Residents decry 'Nazi recruiting material' from white supremacist group after 'Feminism Is Cancer' signs appear in town

A sign that read "LOVE YOUR RACE" was posted outside on the store front of a local business called Broomstick Betty. (Credit: Jacqueline Laven)
A sign that read "Love Your Race" was posted without permission outside the store front of a local business in New Jersey. (Photo: Jacqueline Laven)

Scattered across a New Jersey town, inflammatory messages, such as “Feminism Is Cancer” and "Love Your Race," have been posted on signs and storefronts, igniting anger within the local community.

As the nation grapples with the rise of hateful white supremacy and violence, residents of Bordentown City, N.J., are decrying the signs they believe to be “Nazi recruiting material” from a white supremacist, anti-semitic group called the New Jersey European Heritage Association (NJEHA).

“They are blaming other races, faiths, and so on for their dismal failures in life,” Bordentown resident Scott Reichek tells Yahoo Lifestyle. “I want to expose them for the sad thing that they are, to discourage people from being taken in by their scam.”

Reichek, a U.S. Marine Corps veteran and now stay-at-home dad, tells Yahoo Lifestyle he initially joined the armed forces to “defend the Constitution of the United States, against all enemies, foreign and domestic." That’s why when he discovered “Nazi recruiting materials” in his new town, the veteran immediately jumped into action.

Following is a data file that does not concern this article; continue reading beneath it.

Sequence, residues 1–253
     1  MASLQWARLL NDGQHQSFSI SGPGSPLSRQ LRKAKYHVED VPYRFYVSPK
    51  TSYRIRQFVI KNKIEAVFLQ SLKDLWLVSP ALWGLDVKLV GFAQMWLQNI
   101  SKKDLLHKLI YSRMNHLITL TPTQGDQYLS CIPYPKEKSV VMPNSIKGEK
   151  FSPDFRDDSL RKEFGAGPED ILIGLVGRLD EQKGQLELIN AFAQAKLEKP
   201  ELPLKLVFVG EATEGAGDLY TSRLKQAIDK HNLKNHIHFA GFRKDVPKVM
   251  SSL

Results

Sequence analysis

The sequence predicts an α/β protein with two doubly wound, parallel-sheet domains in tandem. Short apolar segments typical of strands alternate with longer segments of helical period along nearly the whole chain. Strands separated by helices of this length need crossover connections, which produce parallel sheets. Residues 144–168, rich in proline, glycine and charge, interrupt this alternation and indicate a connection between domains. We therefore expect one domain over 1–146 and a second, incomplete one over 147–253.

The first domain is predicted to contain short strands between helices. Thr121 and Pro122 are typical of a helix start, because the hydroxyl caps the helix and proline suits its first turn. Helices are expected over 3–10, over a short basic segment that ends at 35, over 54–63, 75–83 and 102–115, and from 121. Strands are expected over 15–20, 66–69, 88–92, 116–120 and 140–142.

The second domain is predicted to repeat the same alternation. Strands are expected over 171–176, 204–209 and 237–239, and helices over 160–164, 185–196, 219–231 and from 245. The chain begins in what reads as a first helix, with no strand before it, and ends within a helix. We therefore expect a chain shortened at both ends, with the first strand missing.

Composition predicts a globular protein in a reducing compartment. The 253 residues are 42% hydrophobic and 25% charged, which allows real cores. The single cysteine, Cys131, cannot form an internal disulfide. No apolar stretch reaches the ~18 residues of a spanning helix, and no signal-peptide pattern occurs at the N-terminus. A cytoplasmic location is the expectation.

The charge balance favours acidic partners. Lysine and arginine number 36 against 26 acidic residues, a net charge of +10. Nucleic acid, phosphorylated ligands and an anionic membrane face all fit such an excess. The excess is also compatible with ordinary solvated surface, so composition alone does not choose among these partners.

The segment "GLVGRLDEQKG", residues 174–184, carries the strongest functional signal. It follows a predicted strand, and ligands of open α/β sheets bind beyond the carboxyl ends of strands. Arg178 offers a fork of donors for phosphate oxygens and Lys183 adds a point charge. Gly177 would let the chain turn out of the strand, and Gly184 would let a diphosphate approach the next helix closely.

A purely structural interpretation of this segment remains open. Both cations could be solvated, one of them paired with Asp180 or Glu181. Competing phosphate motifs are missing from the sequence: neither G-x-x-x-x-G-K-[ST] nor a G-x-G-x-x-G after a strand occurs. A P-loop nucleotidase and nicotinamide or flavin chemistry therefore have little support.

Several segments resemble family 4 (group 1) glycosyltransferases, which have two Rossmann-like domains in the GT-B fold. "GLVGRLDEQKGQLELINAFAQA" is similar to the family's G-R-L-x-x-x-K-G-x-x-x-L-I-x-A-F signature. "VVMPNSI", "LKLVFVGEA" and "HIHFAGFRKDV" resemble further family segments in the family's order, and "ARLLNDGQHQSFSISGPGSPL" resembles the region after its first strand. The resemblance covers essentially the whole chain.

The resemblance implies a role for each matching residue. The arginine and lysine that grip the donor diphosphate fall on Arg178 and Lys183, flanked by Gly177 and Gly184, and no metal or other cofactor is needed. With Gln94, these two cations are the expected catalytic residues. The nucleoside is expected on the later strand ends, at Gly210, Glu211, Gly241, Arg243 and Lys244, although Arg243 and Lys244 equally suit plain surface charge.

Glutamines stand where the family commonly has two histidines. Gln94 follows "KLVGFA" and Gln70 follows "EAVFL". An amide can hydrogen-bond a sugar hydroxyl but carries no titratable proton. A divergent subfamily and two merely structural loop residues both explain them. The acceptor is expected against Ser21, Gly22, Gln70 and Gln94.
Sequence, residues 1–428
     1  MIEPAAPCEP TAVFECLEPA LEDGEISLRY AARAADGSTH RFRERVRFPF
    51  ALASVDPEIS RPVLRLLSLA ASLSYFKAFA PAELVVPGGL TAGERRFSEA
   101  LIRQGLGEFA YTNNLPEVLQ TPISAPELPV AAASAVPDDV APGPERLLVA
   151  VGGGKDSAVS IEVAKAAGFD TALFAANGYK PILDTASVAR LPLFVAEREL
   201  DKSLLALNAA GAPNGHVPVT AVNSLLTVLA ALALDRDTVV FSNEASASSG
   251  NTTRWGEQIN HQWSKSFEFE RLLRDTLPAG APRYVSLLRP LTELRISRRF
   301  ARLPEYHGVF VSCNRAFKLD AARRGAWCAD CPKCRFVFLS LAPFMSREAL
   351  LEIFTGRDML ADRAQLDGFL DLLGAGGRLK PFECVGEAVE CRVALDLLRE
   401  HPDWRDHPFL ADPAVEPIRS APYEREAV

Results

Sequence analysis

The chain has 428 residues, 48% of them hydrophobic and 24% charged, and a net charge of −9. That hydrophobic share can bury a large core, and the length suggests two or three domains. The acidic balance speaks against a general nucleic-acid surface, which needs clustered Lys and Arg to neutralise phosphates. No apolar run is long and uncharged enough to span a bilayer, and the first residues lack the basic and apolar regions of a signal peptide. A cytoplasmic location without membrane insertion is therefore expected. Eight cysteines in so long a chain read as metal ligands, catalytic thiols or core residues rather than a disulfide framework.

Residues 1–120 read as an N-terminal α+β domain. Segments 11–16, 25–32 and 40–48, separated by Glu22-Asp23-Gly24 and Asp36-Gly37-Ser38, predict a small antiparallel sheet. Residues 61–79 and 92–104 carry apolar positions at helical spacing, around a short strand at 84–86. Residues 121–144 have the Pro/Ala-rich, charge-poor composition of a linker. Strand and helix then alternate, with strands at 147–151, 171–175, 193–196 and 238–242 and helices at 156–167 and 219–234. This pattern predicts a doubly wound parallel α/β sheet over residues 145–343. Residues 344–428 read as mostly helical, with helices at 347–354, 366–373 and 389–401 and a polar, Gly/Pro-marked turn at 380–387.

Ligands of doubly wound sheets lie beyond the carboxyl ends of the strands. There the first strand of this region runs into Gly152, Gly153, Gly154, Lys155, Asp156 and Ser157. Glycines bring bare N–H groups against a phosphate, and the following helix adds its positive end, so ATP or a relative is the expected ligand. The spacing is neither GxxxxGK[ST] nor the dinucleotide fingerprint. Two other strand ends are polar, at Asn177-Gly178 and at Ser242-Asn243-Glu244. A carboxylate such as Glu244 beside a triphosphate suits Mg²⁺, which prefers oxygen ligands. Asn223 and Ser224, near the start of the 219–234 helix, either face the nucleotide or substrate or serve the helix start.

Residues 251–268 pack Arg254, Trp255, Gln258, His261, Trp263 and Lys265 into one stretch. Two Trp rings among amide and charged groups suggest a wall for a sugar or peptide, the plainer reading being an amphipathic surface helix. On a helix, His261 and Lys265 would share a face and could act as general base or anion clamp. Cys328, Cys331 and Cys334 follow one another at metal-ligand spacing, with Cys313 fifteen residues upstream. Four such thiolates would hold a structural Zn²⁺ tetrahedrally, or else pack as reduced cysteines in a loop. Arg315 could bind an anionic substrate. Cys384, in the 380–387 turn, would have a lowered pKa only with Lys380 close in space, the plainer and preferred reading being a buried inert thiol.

“I lived in Texas most of my 47 years, and I had to come to New Jersey to find actual Nazi recruiting materials,” Reichek said in a Facebook group post Aug. 5, according to local publication

Reichek recently moved to the New Jersey town with his wife and toddler son.

He says he was taken aback several days ago when he saw a sticker that read, “Feminism Is Cancer” in a bold black font with the NJEHA website inscribed below. After coming across a second sticker that read, “Love Your Race” from the same organization, Reichek finally decided to look into the organization behind the “obnoxious” stickers. What he discovered on the website had the veteran up in arms.

“It took about three seconds to determine what they are about, and that the postings are intended as intimidation, and as recruiting materials,” Reicek tells Yahoo Lifestyle.

The front page of the white supremacist website claims the “European race is in a struggle for survival,” and calls on “all American Patriots” to take action.

“The non-Whites who will come to replace us will recreate the failed societies they have fled. Our nations will be plagued with high levels of violence, poverty, corruption and instability,” reads a statement on the group’s website.

The group says it hopes to promote its anti-immigration, anti-Semitic ideas in the public mainstream through flyers, banner drops, flash protests, and more. Another portion of the website boasts of its involvement in several Unite the Right rallies, and refers to the fatal Charlottesville protests as the “2017 Battle of Charlottesville.”

“Our creed can be summed up by fourteen simple words; we must secure the existence of our people and a future for White children,” reads a statement on the NJEHA website.